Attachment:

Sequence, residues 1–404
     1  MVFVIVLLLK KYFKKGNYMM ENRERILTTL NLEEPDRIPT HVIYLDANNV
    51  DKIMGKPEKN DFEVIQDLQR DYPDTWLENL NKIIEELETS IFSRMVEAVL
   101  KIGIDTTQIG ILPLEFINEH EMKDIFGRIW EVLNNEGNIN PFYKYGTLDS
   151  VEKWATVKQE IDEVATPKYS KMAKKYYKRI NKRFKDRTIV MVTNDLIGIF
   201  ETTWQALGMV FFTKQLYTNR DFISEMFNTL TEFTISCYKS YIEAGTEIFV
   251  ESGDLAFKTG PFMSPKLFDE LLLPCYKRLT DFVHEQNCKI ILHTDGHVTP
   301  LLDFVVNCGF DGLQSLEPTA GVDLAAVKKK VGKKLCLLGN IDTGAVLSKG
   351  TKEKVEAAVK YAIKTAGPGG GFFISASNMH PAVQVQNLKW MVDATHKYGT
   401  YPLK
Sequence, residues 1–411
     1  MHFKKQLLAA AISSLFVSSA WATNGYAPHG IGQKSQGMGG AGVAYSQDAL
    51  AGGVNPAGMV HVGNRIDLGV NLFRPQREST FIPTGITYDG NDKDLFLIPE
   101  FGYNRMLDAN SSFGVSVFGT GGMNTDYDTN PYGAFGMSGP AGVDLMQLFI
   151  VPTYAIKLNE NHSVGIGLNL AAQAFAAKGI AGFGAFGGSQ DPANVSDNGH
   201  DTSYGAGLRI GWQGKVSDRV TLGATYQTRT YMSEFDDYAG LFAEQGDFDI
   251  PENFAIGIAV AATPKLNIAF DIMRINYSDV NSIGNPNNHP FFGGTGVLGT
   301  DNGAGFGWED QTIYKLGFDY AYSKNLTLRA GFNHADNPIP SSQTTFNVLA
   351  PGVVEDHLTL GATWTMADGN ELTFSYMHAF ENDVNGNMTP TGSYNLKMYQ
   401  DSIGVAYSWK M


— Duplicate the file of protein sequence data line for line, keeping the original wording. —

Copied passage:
Sequence, residues 1–404
     1  MVFVIVLLLK KYFKKGNYMM ENRERILTTL NLEEPDRIPT HVIYLDANNV
    51  DKIMGKPEKN DFEVIQDLQR DYPDTWLENL NKIIEELETS IFSRMVEAVL
   101  KIGIDTTQIG ILPLEFINEH EMKDIFGRIW EVLNNEGNIN PFYKYGTLDS
   151  VEKWATVKQE IDEVATPKYS KMAKKYYKRI NKRFKDRTIV MVTNDLIGIF
   201  ETTWQALGMV FFTKQLYTNR DFISEMFNTL TEFTISCYKS YIEAGTEIFV
   251  ESGDLAFKTG PFMSPKLFDE LLLPCYKRLT DFVHEQNCKI ILHTDGHVTP
   301  LLDFVVNCGF DGLQSLEPTA GVDLAAVKKK VGKKLCLLGN IDTGAVLSKG
   351  TKEKVEAAVK YAIKTAGPGG GFFISASNMH PAVQVQNLKW MVDATHKYGT
   401  YPLK
Sequence, residues 1–411
     1  MHFKKQLLAA AISSLFVSSA WATNGYAPHG IGQKSQGMGG AGVAYSQDAL
    51  AGGVNPAGMV HVGNRIDLGV NLFRPQREST FIPTGITYDG NDKDLFLIPE
   101  FGYNRMLDAN SSFGVSVFGT GGMNTDYDTN PYGAFGMSGP AGVDLMQLFI
   151  VPTYAIKLNE NHSVGIGLNL AAQAFAAKGI AGFGAFGGSQ DPANVSDNGH
   201  DTSYGAGLRI GWQGKVSDRV TLGATYQTRT YMSEFDDYAG LFAEQGDFDI
   251  PENFAIGIAV AATPKLNIAF DIMRINYSDV NSIGNPNNHP FFGGTGVLGT
   301  DNGAGFGWED QTIYKLGFDY AYSKNLTLRA GFNHADNPIP SSQTTFNVLA
   351  PGVVEDHLTL GATWTMADGN ELTFSYMHAF ENDVNGNMTP TGSYNLKMYQ
   401  DSIGVAYSWK M